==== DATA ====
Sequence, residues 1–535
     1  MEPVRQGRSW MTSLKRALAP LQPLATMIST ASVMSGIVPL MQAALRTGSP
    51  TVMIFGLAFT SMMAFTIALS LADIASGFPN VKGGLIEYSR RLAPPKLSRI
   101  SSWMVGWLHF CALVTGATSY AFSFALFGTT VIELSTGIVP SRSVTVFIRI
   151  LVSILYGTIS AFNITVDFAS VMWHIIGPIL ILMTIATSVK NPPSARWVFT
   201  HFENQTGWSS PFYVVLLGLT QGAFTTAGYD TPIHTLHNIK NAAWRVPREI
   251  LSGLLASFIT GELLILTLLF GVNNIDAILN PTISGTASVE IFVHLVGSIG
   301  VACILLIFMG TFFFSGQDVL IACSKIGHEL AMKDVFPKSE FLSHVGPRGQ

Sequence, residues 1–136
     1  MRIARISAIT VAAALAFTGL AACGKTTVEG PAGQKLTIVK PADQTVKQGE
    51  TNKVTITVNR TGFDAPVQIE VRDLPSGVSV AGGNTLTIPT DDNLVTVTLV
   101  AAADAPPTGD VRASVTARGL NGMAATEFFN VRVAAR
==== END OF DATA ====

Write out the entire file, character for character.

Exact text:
Sequence, residues 1–535
     1  MEPVRQGRSW MTSLKRALAP LQPLATMIST ASVMSGIVPL MQAALRTGSP
    51  TVMIFGLAFT SMMAFTIALS LADIASGFPN VKGGLIEYSR RLAPPKLSRI
   101  SSWMVGWLHF CALVTGATSY AFSFALFGTT VIELSTGIVP SRSVTVFIRI
   151  LVSILYGTIS AFNITVDFAS VMWHIIGPIL ILMTIATSVK NPPSARWVFT
   201  HFENQTGWSS PFYVVLLGLT QGAFTTAGYD TPIHTLHNIK NAAWRVPREI
   251  LSGLLASFIT GELLILTLLF GVNNIDAILN PTISGTASVE IFVHLVGSIG
   301  VACILLIFMG TFFFSGQDVL IACSKIGHEL AMKDVFPKSE FLSHVGPRGQ

Sequence, residues 1–136
     1  MRIARISAIT VAAALAFTGL AACGKTTVEG PAGQKLTIVK PADQTVKQGE
    51  TNKVTITVNR TGFDAPVQIE VRDLPSGVSV AGGNTLTIPT DDNLVTVTLV
   101  AAADAPPTGD VRASVTARGL NGMAATEFFN VRVAAR